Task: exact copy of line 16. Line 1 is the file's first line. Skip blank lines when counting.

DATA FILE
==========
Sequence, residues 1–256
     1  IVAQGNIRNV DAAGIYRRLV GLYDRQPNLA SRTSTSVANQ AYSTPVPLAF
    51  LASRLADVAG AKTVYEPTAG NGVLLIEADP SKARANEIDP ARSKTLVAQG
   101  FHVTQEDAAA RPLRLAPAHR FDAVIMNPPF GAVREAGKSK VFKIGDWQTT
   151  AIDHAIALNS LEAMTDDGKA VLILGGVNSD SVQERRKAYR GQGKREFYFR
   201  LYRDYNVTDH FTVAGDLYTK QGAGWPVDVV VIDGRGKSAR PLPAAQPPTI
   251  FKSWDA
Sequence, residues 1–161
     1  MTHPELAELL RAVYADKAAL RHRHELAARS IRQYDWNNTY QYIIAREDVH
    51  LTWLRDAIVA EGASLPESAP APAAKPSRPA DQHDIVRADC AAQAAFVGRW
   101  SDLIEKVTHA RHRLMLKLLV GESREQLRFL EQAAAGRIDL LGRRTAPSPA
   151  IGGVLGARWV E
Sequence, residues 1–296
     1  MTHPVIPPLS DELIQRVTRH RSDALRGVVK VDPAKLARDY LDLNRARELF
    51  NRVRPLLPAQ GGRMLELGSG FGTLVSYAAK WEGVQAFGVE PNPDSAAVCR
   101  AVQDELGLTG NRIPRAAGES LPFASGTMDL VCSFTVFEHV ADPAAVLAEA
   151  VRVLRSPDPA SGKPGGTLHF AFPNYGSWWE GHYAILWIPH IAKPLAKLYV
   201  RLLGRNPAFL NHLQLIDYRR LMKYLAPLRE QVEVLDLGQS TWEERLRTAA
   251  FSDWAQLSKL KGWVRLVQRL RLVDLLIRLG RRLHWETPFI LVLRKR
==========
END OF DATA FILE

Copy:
   101  AVQDELGLTG NRIPRAAGES LPFASGTMDL VCSFTVFEHV ADPAAVLAEA